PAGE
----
Turkey is normally the shining star of Thanksgiving dinner but Bay Area locals often have another holiday tradition — crab.
While last year a price dispute kept crab from being part of local Thanksgiving dinners, the crustacean is making a comeback this year. And it’s not just for Thanksgiving. Many families enjoy crab through Christmas.
"Really it’s something very traditional to San Francisco,” and the Bay Area in general, said fisherman Pietro Parravano.
But not everyone knows where to get crab or how to prepare and serve it. Options luckily abound. Locally, there’s the option of heading to the coast, chatting with fishermen like Parravano and getting a fresh catch. There are also a number of local stores happy to provide tips and their own favorite ways to enjoy the meat.
Kathleen Taggart, director of the Home Department and Cooking School at Draeger’s, likes to keep it simple.
She and her husband enjoy eating crab cold. They take advantage of the store’s offer to crack the crabs for her. Then, a loaf of French bread with lots of butter and a bottle of bubbly make for a perfect evening.
"It’s nirvana for me,” she said.
Patience Thien, Draeger’s Cooking School program coordinator, also likes to keep it simple but loves adding butter and garlic.
At Draeger’s, like most local markets, sells the crab already cooked, Taggart pointed out. So, those who don’t have experience can easily give it a go. While Taggart prefers the crab meat cold, Abigail Crayne, Draeger’s Cooking School managing editor and director of private events, likes to warm it up a bit. She’ll also put together some melted butter or some garlic oil to go along with the meal.
The simplest recipe is normally what people stick to, she said. For Crayne’s family, crab plays a bigger role in celebrating Christmas. It’s in December that they use the meat to recreate Chinese favorites like pot stickers.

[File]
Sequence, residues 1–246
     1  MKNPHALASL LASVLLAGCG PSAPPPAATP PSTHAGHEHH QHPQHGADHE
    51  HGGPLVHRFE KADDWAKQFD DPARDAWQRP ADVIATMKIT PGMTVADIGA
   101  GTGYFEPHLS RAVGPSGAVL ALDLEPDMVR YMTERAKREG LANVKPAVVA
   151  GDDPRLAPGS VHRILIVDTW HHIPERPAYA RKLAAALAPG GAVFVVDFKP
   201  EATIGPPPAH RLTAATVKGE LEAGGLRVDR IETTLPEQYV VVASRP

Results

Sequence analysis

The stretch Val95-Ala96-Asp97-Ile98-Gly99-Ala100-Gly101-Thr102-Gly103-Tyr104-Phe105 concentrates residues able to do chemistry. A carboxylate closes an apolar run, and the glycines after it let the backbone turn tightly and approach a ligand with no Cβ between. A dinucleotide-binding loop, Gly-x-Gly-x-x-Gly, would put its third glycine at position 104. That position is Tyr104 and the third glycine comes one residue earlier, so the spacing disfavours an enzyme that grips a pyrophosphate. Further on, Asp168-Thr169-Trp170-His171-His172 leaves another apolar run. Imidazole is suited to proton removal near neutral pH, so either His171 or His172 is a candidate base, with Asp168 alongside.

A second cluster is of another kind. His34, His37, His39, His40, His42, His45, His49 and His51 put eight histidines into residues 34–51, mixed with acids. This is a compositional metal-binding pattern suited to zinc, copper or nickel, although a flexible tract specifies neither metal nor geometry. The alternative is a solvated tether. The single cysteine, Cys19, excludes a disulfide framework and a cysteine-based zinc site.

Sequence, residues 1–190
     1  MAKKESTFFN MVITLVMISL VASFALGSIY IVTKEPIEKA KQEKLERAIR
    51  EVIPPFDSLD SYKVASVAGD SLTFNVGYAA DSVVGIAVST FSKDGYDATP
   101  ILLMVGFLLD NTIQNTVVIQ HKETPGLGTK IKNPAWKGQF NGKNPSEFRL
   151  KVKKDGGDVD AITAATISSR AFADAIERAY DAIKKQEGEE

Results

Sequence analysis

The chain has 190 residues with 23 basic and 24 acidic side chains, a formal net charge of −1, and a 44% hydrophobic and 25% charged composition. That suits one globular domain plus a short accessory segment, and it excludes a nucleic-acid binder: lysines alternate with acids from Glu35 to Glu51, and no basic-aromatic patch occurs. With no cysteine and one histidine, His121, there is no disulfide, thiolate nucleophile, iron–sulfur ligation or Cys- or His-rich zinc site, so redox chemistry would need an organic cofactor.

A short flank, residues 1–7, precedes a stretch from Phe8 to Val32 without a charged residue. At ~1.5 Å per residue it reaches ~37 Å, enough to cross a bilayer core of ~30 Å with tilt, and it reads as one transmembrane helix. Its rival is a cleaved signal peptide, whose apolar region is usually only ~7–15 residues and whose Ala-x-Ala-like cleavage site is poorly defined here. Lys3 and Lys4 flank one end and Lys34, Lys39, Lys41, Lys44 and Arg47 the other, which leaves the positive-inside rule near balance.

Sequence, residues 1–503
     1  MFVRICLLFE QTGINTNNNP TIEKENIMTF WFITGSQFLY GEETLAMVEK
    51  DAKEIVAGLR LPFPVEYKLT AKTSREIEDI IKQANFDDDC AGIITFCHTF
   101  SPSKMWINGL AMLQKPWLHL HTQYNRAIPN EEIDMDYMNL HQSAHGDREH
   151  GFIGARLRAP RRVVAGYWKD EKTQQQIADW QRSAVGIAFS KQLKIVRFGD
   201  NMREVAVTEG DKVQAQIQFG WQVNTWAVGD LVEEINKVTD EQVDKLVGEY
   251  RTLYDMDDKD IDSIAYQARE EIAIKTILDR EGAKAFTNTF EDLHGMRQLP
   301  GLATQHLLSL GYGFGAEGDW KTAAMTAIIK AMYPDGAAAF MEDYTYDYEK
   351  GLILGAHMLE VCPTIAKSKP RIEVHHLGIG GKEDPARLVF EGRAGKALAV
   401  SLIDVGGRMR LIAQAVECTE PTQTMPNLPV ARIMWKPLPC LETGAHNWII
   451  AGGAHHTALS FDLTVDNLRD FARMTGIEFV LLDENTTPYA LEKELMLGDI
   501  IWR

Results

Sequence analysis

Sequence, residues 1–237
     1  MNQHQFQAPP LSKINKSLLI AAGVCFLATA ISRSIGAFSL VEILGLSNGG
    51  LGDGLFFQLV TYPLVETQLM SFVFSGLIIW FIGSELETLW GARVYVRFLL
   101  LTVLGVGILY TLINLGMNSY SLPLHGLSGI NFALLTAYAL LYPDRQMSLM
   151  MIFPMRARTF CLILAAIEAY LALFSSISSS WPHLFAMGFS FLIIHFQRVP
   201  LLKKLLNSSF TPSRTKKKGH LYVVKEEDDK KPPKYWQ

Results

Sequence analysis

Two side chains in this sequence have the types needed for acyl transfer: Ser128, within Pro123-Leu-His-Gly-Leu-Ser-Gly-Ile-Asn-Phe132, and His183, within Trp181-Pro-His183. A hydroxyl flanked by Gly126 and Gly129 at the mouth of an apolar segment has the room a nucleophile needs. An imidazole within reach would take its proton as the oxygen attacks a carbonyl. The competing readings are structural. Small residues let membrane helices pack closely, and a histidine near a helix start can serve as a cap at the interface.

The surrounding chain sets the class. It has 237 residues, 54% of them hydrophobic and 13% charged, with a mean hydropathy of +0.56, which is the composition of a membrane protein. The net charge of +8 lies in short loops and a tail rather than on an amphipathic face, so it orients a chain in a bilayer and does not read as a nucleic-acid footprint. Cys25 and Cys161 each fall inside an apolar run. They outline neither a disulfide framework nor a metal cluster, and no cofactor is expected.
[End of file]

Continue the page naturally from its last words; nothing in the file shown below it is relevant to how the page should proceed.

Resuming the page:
Regardless of where one purchases crab, the ladies encouraged shoppers to ask questions. Those handling the seafood are happy to offer suggestions.
Heather Murtagh can be reached by email: email@example.com or by phone: (650) 344-5200 ext. 105.
Recipe info box:
The Best Crab Cakes
4 tablespoons unsalted butter
1/4 cup red bell pepper, finely diced
1/4 cup yellow bell pepper, finely diced
1 pound crab meat
1 tablespoon flat-leaf parsley, chopped
1 small jalapeno pepper, seeded and finely minced (or to taste)
1/4 cup mayonnaise
2 teaspoons lemon or lime juice
sea salt and freshly ground black pepper
1 large egg, beaten
1/2 cup Panko breadcrumbs
2 tablespoons olive oil
In a sauté pan, heat 2 tablespoons unsalted butter over medium heat and sauté bell peppers until softened. Cool peppers.
In a bowl, stir together peppers, crab, parsley, jalapeno pepper, mayonnaise and citrus juice. Season with a pinch of salt and pepper. Add beaten egg and 1/4 cup bread crumbs; mix until combined and chill 20 minutes.
With a 1/4 cup dry measuring cup, scoop crab mixture into portions and pat into a thick cake. Spread remaining bread crumbs on a sheet of parchment paper and gently press each crab cake into the breadcrumbs, turning, to coat evenly. Chill crab cakes, loosely covered for at least 1 hour.
Preheat oven to 375 degrees.
In a large sauté pan over medium-high heat, heat remaining 2 tablespoons of unsalted butter and olive oil until hot but not smoking and sauté crab cakes until golden brown, 3 to 5 minutes. Turn crab cakes carefully and brown on the other sides. Transfer sautéed crab cakes to a parchment lined baking sheet. Bake crab cakes for 6 to 10 minutes until heated through.